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New York Genome Center Scientists Awarded Chan Zuckerberg Initiative Grant to Develop CITE-seq Toolkit for Human Cell Atlas Project

New York, NY  ·  October 16, 2017

The Chan Zuckerberg Initiative (CZI) has awarded a one-year pilot grant for a collaboration between principal investigators Rahul Satija, PhD, Core Faculty Member at the New York Genome Center (NYGC) and Assistant Professor of Biology at New York University, and Peter Smibert, PhD, Manager, NYGC Technology Innovation Lab. The project has been made possible in part by a grant from the Chan Zuckerberg Initiative donor advised fund, an advised fund of Silicon Valley Community Foundation. It will support Dr. Satija and Dr. Smibert’s work on the Human Cell Atlas (HCA) project, the international collaborative effort to create a comprehensive reference map of all human cells as a resource for studies of health and disease.

The grant funds the project entitled “Enhanced massively parallel and multimodal profiling for the Human Cell Atlas,” and is focused on the benchmarking and optimization of CITE-seq, a powerful new technology to simultaneously measure protein and RNA levels in single cells, developed by the NYGC Technology Innovation Lab in close collaboration with the Satija Lab.

“Our objective is to illuminate CITE-seq as a powerful tool to discover and characterize human cell types,” said Dr. Satija. “We look forward to working with CZI to establish benchmarks, best-practices, and open-source analytical tools that will enable researchers across the Human Cell Atlas community.”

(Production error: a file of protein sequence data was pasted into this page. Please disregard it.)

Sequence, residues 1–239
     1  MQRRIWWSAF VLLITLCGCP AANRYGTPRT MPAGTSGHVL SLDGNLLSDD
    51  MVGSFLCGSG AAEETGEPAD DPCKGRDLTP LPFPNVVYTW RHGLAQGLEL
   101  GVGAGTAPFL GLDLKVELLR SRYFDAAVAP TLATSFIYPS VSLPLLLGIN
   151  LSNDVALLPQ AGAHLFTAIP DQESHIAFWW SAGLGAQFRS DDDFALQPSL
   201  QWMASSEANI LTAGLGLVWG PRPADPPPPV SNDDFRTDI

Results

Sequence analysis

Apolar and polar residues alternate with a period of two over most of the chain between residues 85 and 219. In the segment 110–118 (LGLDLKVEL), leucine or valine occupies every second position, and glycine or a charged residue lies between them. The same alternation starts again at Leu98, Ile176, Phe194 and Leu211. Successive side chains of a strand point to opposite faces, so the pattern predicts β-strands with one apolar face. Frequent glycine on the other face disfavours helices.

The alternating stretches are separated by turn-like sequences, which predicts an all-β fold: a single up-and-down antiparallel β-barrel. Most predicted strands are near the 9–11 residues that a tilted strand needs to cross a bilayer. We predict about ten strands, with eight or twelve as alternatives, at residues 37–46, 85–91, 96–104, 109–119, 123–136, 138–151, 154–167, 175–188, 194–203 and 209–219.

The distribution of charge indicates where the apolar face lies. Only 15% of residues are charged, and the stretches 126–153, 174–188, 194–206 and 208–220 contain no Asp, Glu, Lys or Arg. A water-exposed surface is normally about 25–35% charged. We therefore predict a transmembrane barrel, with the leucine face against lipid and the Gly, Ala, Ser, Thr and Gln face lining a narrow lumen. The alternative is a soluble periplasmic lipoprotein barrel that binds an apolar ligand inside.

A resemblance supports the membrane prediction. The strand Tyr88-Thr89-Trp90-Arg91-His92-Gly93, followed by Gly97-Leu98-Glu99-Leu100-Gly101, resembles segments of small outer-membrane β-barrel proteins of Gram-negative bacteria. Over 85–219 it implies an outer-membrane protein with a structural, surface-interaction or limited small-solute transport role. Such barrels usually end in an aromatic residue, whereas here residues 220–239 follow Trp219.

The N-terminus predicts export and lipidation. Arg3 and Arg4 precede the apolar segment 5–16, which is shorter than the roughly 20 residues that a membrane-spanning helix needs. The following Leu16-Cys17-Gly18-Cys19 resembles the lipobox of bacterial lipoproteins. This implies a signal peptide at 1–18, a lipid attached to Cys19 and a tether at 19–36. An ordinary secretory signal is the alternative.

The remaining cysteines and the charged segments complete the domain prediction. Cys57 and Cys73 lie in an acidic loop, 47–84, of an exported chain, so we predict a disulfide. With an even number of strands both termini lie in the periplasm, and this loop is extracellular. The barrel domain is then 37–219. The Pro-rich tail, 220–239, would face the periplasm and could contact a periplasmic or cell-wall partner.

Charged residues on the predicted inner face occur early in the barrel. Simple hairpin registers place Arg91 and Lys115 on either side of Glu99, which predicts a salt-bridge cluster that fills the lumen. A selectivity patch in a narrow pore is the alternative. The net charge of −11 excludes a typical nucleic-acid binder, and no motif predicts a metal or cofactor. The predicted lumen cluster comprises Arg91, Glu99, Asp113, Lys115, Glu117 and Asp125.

CITE-seq, or Cellular Indexing of Transcriptomes and Epitopes by sequencing, couples the measurement of surface protein markers on thousands of single cells with simultaneous sequencing of the messenger RNA (mRNA) of those same single cells. The protein detection component of CITE-seq is based on DNA-barcoded antibodies, which produce a sequencable readout that is captured along with the transcriptome of the cell. This approach enables CITE-seq to significantly expand the number of proteins that can be multiplexed in a single experiment, compared to flow- and mass-cytometry-based approaches, while maintaining compatibility with a wide variety of existing high-throughput single cell sequencing methods. “These ‘multimodal’ measurements provide a richer profile for each cell compared to separate quantification of RNA or protein measurements, and can boost the statistical power needed to discover new groups of cells,” said Dr. Smibert.

The request for applications from the CZI called for proposals that would develop and characterize single cell technologies for use in the Human Cell Atlas project. The funded project will benchmark CITE-seq against alternative approaches, but also aims to develop guidelines for assembling and optimizing large antibody panels. The proposal is largely focused on the human immune system. A key element of the study will be a focused analysis of human T cells, which exhibit subtle transcriptomic differences that are poorly separated by single-cell RNA sequencing alone and therefore present an ideal system for multimodal analysis. However, the technology has the potential to study a wide range of human tissues. “We are committed to making all protocols and data readily available to the community, and hope that this will help researchers adopt CITE-seq for their own work,” said Dr. Smibert.